As I mentioned in one of my previous emails, one of the rows we’re planning for the Learning Garden is of corn. We’ll have a small plot of open pollinated sweet corn, but the majority of the row will be taken up with flint, flour, and dent corn varieties. Prior to some winter reading (and I must give full credit here to Carol Deppe’s The Resilient Gardener for much of what I am going tell you in this email, but since I will be synopsizing, all errors will be my own), I could no more have been able to list those 3 names than I could tell you what the differences between them were. As the self-described “learning” part of the Learning Garden, if I thought about corn at all, I thought there were two basic kinds: sweet corn and field (cow) corn. I eat corn tortillas and the occasional piece of polenta or cornbread. I just never thought about them.
A few years ago, I acquired the DVD King Corn, which is the humorously told tale of the very big place corn has in our society (courtesy nowadays of high fructose corn syrup). And I can honestly say it caused me more than a little bias against the grain. But that was the story of agribusiness and its petrochemical-fueled, government-subsidized, practically inedible monoculture crop. Ours will be the story of the rich and diverse food that was raised by the native Americans.
According to Deppe, indigenous farmers did eat some of their corn green (sweet), but even then it was mostly dried and eaten rehydrated, not like the corn boils we think about today. Speaking of sweet corn: am I the only one (aside from Deppe, I was interested to read) that prefers their sweet corn raw? My mother cooked it 13–15 minutes, and we all slathered it in butter and salt and pepper. Then, as I began cooking for myself, I got to the point where I was cooking it maybe 3–5 minutes and skipping the butter (back when butter was the “bad” fat). The last few years, I just shuck it and eat it. I’ve wondered if it’s the new breeds of sweet corn that don’t need cooking to be good, or maybe it’s that I get my corn much fresher from the farmers’ market or stands than my mother did. Thoughts?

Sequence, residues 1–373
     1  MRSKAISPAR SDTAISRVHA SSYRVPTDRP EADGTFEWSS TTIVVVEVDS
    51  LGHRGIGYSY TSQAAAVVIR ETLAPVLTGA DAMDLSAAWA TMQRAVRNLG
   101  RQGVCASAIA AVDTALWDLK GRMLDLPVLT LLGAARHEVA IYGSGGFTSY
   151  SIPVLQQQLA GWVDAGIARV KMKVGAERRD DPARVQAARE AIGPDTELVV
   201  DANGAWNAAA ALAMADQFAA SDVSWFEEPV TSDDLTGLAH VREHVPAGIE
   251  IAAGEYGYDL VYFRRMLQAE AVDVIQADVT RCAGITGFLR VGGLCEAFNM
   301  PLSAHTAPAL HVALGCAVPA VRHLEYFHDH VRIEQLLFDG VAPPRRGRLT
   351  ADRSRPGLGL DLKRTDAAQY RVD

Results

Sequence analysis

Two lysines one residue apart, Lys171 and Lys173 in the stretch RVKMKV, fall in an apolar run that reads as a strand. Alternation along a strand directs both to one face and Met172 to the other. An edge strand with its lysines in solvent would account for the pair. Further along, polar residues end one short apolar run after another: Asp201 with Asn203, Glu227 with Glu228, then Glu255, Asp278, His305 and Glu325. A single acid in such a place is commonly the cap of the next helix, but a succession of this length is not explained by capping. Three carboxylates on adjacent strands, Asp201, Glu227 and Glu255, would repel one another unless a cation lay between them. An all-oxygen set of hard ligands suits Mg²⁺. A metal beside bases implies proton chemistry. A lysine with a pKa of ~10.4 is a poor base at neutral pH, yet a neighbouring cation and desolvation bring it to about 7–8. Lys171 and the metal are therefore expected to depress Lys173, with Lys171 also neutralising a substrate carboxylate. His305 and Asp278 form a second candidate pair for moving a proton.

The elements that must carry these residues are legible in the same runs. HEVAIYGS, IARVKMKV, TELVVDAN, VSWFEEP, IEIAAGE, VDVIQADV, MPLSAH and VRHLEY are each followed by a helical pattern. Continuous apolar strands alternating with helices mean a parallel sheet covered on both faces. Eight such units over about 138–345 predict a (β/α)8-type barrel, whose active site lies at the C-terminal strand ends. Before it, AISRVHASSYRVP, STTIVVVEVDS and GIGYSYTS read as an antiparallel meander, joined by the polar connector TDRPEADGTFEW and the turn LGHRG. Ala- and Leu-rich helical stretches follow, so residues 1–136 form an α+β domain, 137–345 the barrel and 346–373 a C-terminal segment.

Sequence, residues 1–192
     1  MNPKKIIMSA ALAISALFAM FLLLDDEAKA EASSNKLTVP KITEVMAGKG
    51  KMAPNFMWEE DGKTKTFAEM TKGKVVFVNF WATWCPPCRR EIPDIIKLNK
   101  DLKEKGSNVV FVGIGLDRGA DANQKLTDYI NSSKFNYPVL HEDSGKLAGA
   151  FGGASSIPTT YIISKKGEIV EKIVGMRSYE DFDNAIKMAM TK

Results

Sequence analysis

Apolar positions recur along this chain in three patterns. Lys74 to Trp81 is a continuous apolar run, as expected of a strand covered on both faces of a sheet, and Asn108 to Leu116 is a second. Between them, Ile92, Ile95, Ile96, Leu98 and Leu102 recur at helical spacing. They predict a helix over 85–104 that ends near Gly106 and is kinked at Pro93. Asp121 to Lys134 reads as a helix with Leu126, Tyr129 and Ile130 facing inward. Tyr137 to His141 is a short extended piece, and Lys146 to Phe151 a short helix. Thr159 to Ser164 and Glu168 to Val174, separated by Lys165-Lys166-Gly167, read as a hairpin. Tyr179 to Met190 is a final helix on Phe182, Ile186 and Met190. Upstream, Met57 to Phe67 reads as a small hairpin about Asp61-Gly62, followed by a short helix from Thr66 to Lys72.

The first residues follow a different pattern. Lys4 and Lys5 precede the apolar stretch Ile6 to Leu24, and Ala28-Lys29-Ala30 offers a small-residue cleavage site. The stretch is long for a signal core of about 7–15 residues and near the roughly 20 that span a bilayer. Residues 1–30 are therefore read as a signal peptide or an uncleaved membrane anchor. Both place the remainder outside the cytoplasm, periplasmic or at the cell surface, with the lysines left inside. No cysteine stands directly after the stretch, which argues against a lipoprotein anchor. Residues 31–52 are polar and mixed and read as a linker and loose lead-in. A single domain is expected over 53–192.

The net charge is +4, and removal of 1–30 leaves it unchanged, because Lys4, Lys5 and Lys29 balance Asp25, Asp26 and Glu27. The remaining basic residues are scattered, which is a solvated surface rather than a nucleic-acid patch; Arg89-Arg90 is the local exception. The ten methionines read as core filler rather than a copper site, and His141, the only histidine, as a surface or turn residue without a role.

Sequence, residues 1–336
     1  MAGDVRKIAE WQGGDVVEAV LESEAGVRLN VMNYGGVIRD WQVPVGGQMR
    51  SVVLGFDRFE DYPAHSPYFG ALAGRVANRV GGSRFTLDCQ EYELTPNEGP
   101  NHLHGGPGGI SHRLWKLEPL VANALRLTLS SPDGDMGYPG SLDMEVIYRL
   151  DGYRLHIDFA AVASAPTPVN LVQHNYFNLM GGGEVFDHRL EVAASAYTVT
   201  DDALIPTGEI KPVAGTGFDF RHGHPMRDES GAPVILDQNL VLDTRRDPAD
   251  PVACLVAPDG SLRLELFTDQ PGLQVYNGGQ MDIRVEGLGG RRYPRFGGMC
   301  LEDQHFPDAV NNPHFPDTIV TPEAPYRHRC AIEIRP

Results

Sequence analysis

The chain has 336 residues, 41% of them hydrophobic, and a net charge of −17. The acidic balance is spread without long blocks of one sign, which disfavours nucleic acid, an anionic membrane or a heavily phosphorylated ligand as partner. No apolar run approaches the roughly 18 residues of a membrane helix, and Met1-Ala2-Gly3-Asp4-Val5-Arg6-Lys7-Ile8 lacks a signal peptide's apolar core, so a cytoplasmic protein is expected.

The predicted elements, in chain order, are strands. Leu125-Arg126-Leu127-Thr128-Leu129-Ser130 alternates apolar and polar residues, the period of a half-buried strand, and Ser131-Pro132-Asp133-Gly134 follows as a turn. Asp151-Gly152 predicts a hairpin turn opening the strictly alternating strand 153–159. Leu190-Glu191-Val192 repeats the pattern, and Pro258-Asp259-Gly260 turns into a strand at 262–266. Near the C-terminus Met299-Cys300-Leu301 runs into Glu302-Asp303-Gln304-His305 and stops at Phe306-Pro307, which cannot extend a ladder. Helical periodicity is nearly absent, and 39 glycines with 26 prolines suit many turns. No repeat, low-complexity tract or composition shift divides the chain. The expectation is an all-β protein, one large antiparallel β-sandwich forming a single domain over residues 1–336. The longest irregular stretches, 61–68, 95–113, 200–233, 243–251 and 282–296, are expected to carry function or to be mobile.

Back to the native Americans and their wonderful varieties of corn: the 3 types of corn have different makeups of endosperm, which is the part of a corn kernel that holds the nutrition the embryo of the seed (called the germ) would use as it began growing and what makes the grain nutritious for humans as well.
All corn kernels have 2 types of endosperm, flinty (hard and glass-like) and floury (soft). Flint corn has more flinty endosperm, flour corn has more of the floury kind, and dent corn is a mix. Dent corn kernels, in fact, get the classic dip at the top from the fact that the flinty endosperm forms a ring around the core of floury endosperm, and the dry structures of the two types are different.
Flour corn was grown by the Indians of the American Southwest, although some varieties were grown further north. It grinds easily into a soft flour that can be substituted readily for wheat in breads and desserts. It is also used as parched corn (another new vocabulary word for me, at least in this context). To parch corn, you brown dried corn in butter. Some of the kernels may pop, but unlike popcorn (which, like sweet corn, is a special variety of flint corn), most will stay whole. From the look of the pictures I’ve seen, it reminds me of those packaged corn “nuts,” and it’s considered a great high-energy snack.
As I mentioned, flint corn includes those varieties we use for popping and eating green, and when dried, it takes much more work to grind. Even ground as fine as possible, it retains a gritty texture. This makes it perfect for making polenta, Johnny cakes, and puddings.
According to Deppe, dent corn has too much floury endosperm to taste fully cooked as polenta, and too much flinty endosperm to be used in fine-textured breads and cakes. Feed corn is a dent variety, and most of the commercially available (coarse) corn meal and polenta is also dent, but with the flinty endosperm mechanically removed for the latter, which, she claims, is “yet one more tasteless, nutritionally stripped travesty of the agricorn industry.”
Obviously, this lady really loves her corn! And from what I’ve read, she (and we) have good reason to. Much the way I’ve learned to appreciate the taste of locally grown, heirloom tomatoes and local, pastured meats, I look forward to discovering what real corn tastes like.
Bloody Butcher dent. Mandan Bride flour. Oaxacan Green dent. Abenaki Culais flint. Mandan Parching Lavender flour. Hopi Blue flint. Exciting, isn’t it? Another opportunity to
Buy it locally grown
or Raise your own!